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Gabby

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About Gabby

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    New Potter

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  1. I'll take a stab at this, Lee. The things that make the second maybe more appealing to a woman than a man might be: 1) A flat rather than bowl-like shape makes a collection of rings, pins, and earrings less likely to end up in a tangled heap at the bottom. No one cares if keys and coins end up in a heap. 2) The lacy-type appearance of the decoration of the second might be more a woman's choice than a man's. Looking at colors, my first thought was of my dropping my son off at college and realizing it was way, way hotter than I had expected. I asked him whether he thought I should pick him up a few cooler t-shirts at Target before I left him off. He said yes but added, "Mommy, please get neutral colors. Boys my age will be wearing mostly neutral colors." Having written this, I called my husband over to ask which he liked better and why. He said he liked the top better. He said he didn't like the "bumpy fence-type thing "on the bottom one, while the top one looks "rustically elegant."
  2. Shawnhar, might you be selling yourself a little short now? You have been working on this for only one month and you can see your improvement during that time. Perhaps no one will buy a pot of yours just because it has your name on it. I am guessing that is true of lots of very fine potters! People buy their things because they see them and just love them! I have bought lots of people's work in clay, always because I love the piece and never because of the name of the potter. Have you gone to some craft shows near you to get an idea of what people are doing locally and the prices they charge?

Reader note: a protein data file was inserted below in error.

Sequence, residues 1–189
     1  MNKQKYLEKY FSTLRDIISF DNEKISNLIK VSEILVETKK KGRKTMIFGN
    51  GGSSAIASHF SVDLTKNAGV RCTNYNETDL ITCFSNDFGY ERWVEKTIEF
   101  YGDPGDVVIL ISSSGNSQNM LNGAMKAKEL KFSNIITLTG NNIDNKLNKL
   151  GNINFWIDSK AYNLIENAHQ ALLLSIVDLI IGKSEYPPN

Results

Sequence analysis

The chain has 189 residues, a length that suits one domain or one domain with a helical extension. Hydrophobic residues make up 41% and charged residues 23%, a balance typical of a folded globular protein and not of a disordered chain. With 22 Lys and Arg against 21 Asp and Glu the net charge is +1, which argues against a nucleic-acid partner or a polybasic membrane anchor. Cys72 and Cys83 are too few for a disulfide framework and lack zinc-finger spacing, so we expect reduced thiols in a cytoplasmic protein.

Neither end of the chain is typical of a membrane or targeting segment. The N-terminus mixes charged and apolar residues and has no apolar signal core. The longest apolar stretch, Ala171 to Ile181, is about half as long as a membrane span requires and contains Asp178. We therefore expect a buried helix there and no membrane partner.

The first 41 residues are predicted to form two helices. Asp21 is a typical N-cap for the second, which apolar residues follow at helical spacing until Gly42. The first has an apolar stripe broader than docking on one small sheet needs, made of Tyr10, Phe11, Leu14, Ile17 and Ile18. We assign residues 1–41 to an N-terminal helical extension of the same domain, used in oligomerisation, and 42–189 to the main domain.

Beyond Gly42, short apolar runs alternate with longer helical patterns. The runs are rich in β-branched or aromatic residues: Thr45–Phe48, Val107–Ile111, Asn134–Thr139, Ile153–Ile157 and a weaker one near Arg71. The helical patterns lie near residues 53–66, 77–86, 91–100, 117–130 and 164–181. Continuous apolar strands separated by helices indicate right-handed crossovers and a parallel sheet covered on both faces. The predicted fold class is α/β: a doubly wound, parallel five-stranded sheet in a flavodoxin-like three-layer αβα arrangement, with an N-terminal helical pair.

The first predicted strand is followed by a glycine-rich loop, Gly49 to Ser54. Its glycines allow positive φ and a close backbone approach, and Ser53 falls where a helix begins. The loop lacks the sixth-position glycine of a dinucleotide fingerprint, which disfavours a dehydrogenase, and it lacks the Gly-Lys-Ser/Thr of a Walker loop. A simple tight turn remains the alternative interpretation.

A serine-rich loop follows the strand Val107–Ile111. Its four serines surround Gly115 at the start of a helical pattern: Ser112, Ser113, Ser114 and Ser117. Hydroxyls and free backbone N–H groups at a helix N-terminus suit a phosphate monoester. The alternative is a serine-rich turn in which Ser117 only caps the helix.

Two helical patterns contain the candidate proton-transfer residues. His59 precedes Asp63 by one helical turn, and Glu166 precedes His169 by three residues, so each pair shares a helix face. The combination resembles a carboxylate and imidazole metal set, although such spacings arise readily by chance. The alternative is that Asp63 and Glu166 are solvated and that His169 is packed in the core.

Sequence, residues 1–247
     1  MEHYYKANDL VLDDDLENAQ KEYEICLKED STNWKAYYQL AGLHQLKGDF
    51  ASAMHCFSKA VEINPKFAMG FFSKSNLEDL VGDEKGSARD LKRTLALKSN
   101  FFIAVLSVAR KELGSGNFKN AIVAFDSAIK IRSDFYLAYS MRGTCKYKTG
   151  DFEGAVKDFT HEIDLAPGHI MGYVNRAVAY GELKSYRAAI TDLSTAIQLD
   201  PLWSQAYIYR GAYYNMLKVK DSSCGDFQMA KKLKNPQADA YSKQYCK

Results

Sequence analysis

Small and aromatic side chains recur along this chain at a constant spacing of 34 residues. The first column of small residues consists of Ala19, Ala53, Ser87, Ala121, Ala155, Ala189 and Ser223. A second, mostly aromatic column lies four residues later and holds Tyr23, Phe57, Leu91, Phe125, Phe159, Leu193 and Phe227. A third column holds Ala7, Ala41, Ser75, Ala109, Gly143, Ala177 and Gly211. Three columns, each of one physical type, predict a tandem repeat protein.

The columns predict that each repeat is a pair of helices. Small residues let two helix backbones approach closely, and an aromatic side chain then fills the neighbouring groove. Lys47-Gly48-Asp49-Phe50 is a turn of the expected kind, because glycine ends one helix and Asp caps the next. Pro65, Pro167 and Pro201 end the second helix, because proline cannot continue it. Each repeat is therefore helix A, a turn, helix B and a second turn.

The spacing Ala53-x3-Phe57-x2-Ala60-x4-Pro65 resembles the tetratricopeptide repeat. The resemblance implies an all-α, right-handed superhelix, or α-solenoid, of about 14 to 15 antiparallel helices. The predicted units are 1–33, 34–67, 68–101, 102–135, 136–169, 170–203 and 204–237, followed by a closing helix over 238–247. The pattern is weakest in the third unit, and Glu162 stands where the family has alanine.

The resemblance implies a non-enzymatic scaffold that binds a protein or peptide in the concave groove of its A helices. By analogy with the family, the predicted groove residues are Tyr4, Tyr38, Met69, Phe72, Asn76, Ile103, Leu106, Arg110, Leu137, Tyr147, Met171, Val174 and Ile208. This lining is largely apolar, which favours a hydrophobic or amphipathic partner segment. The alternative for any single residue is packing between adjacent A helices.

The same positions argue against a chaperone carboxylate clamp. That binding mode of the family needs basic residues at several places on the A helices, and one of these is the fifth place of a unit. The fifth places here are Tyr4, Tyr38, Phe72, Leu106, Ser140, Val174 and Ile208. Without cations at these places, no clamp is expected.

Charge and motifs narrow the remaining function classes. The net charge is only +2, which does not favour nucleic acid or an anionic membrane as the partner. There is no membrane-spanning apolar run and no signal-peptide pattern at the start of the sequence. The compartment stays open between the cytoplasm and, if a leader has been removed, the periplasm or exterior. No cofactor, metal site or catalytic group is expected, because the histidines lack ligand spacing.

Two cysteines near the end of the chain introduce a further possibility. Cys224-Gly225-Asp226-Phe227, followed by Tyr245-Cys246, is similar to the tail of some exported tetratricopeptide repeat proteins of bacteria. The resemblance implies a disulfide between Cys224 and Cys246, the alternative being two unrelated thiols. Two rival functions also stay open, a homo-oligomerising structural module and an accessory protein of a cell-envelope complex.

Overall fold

3. Gabby

    Glaze test question

    My way of testing is to make a cylinder without a base, like the outside of a can, and brush on different glazes at 12 o'clock, 2,4,6, and so forth. As the glazes will look different on different clays, it is easy enough to test appearance and runny-ness in one swoop. I would assume they would run differently on different clays.
  4. Gabby

    Choosing clay types

    My local supplier too has fired samples of each clay they sell. What you can't tell from those samples is how they feel on the hand or how they handle in hand building or on the wheel. But the people at the store can help with that. I am glad clay is so inexpensive. If you get a bag and just hate it, you are out $11 or so.
  5. This is an intriguing question that I too find difficult to answer. As I do not sell work, I am guided only by my taste and don't think in terms of masculine or feminine or what might have broad or targeted appeal. I am female. I like simple forms that are not delicate and definitely not tall and thin. Some of what I do is, in fact, fairly squat. (My favorite dog is the English Bull). But then, I have made pieces in which I have carved in an image of a specific female orangutan about to have a birthday and will soon do a sturdy mug for a friend with either a carved in or painted version of her Newfie-mix. Is that feminine work then?
  6. Gabby

    Unusual Questions

    If you go in Seattle to Seattle Pottery Supply, they have a selection of bisque-fired white but not porcelain ware similar to what paint-your-own places offer. You can paint them at home, using glazes you can also get at SPS, and bring them back for firing, provided they know the glazes you have used are suitable for the object. Alternatively, if it must be porcelain, you can buy a bag of porcelain clay there for maybe 12 dollars for 20 pounds. You can also buy one of their bisque plates to use as a mold. At home roll out some porcelain with a rolling pin like you were rolling out cookie dough. Place your plate upside down on it and cut around. Flip the whole thing over and let it sit overnight or longer. until it can come up out of the plate without sticking or losing its shape. This might work for your lunch plates.
  7. Gabby

    Copied Images